Mission Street Food: Recipes and Ideas from an Improbable Restaurant ( (McSweeney’s, 2011)

Karen Leibowitz ’99 with her husband Anthony Wyint. Photo By Alanna Hale

Karen Leibowitz ’99 and Anthony Myint

Reviewed by Jennifer McNeal ’13
Mission Street Food

Revolutionizing the way we look at the politics of fat and food, Karen Leibowitz and husband Anthony Myint provide a thoughtful, down-to-earth perspective from the forefront of the San Francisco food cart and pop-up restaurant movement, weaving together comic strips, photos, recipes, maps, and autobiography.

Dreaming to make upscale food affordable and benevolent, Myint began Mission Street Food (MSF) in a rented Guatemalan taco truck, which became an underground sensation. However, a nearby shop owner’s temper tantrum prompted the duo to reincarnate MSF twice a week as a “restaurant-inside-a-restaurant,” offering diners “counterculture capital” by pairing innovative, refined dishes with trippy Chinese Communist décor. After two years of culinary imagination, the restaurant splintered into less demanding restaurants—Commonwealth and Mission Chinese Food—and the authors adapted its history, philosophies, and recipes into the book.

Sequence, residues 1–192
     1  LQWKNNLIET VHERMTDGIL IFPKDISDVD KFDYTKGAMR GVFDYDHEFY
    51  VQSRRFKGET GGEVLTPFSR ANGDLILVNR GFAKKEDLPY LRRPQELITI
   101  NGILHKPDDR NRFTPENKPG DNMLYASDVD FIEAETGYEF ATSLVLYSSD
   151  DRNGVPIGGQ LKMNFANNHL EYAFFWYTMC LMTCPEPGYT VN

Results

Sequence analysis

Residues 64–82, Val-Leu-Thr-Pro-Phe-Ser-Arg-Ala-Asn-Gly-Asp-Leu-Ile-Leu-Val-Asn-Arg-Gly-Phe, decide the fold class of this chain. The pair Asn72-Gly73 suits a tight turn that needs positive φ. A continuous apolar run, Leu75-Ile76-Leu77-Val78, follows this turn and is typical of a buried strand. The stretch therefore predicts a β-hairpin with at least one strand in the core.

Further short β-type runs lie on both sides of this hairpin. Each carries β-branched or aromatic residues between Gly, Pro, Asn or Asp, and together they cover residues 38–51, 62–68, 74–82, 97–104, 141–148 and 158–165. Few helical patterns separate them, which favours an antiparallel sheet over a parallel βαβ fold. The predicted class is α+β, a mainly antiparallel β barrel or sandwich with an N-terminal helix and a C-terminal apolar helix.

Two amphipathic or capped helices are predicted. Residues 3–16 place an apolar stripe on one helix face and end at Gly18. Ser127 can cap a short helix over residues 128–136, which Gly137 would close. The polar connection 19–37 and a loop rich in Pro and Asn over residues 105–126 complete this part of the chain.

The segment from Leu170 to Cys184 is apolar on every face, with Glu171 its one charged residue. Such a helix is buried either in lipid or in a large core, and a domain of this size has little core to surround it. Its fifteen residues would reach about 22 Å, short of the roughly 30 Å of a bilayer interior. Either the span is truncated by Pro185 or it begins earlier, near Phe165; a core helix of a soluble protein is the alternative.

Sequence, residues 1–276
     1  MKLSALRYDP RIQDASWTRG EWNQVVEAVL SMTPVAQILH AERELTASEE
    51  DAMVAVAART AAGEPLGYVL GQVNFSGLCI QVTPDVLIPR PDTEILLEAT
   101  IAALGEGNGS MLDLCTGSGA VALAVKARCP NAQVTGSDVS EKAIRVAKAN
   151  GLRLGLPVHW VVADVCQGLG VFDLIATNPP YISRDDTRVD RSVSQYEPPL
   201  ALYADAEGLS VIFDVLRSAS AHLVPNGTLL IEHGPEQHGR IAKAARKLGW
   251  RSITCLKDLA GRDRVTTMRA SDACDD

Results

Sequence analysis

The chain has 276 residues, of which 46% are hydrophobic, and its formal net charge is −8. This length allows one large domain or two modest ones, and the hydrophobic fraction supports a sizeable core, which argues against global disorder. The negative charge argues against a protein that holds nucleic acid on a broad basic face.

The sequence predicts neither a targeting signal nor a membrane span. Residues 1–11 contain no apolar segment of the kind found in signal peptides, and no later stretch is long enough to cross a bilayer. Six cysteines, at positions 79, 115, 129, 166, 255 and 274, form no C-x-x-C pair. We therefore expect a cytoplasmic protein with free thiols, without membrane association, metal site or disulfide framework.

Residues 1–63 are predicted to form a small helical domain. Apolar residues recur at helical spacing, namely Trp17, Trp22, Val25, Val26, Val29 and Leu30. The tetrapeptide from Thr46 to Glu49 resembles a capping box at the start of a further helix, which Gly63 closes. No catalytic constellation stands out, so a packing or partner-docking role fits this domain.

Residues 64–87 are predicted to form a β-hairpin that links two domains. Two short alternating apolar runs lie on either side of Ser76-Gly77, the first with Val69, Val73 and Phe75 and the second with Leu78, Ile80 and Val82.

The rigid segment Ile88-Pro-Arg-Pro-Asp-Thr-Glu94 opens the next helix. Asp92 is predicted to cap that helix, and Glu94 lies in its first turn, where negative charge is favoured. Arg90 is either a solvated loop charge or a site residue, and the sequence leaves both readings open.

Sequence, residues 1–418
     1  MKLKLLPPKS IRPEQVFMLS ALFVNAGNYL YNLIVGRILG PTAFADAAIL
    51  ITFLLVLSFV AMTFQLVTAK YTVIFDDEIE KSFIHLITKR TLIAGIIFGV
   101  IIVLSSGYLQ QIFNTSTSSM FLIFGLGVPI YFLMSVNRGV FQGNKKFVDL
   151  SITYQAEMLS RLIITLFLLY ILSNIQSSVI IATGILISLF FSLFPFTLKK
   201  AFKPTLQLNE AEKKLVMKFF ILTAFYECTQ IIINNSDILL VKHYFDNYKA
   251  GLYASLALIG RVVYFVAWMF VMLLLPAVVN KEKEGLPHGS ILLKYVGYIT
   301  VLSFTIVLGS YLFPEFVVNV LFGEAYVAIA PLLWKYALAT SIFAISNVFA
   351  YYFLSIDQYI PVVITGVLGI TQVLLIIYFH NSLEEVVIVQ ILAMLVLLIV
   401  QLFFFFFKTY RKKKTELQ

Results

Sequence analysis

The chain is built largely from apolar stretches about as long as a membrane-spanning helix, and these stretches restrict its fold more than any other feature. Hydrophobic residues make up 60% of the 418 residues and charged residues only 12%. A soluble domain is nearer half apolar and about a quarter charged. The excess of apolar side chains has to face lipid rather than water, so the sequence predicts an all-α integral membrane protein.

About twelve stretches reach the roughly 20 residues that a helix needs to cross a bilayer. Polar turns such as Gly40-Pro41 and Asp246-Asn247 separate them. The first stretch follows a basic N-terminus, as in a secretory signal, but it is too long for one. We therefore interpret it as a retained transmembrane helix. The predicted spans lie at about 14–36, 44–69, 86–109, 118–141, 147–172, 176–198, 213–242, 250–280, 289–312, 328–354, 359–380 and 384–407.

Mission Street Food includes recipes and insider tips on how to bring your own creations to the next level, replete with mouth-watering photos of seared pork bellies and the pioneering marrow-stuffed squid. Need another reason to buy the book? A portion of sales goes to activist organization Slow Food USA.